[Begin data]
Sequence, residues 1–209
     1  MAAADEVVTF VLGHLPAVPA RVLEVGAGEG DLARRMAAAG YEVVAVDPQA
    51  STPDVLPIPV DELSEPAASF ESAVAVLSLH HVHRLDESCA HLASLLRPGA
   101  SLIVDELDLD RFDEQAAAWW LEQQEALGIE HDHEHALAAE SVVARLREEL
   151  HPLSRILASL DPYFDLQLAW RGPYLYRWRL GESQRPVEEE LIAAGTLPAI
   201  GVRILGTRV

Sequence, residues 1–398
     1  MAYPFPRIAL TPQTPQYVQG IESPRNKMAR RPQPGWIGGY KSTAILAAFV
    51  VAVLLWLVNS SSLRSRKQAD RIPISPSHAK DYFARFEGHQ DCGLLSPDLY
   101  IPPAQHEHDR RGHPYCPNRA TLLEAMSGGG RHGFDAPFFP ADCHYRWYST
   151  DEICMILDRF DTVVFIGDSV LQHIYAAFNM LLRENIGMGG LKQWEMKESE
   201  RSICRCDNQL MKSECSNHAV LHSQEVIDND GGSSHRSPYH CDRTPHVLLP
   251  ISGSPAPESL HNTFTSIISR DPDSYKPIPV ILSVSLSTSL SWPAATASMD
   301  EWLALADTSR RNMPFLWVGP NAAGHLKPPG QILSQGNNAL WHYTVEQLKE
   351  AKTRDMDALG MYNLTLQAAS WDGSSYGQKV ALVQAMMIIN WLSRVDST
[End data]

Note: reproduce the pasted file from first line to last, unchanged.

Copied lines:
Sequence, residues 1–209
     1  MAAADEVVTF VLGHLPAVPA RVLEVGAGEG DLARRMAAAG YEVVAVDPQA
    51  STPDVLPIPV DELSEPAASF ESAVAVLSLH HVHRLDESCA HLASLLRPGA
   101  SLIVDELDLD RFDEQAAAWW LEQQEALGIE HDHEHALAAE SVVARLREEL
   151  HPLSRILASL DPYFDLQLAW RGPYLYRWRL GESQRPVEEE LIAAGTLPAI
   201  GVRILGTRV

Sequence, residues 1–398
     1  MAYPFPRIAL TPQTPQYVQG IESPRNKMAR RPQPGWIGGY KSTAILAAFV
    51  VAVLLWLVNS SSLRSRKQAD RIPISPSHAK DYFARFEGHQ DCGLLSPDLY
   101  IPPAQHEHDR RGHPYCPNRA TLLEAMSGGG RHGFDAPFFP ADCHYRWYST
   151  DEICMILDRF DTVVFIGDSV LQHIYAAFNM LLRENIGMGG LKQWEMKESE
   201  RSICRCDNQL MKSECSNHAV LHSQEVIDND GGSSHRSPYH CDRTPHVLLP
   251  ISGSPAPESL HNTFTSIISR DPDSYKPIPV ILSVSLSTSL SWPAATASMD
   301  EWLALADTSR RNMPFLWVGP NAAGHLKPPG QILSQGNNAL WHYTVEQLKE
   351  AKTRDMDALG MYNLTLQAAS WDGSSYGQKV ALVQAMMIIN WLSRVDST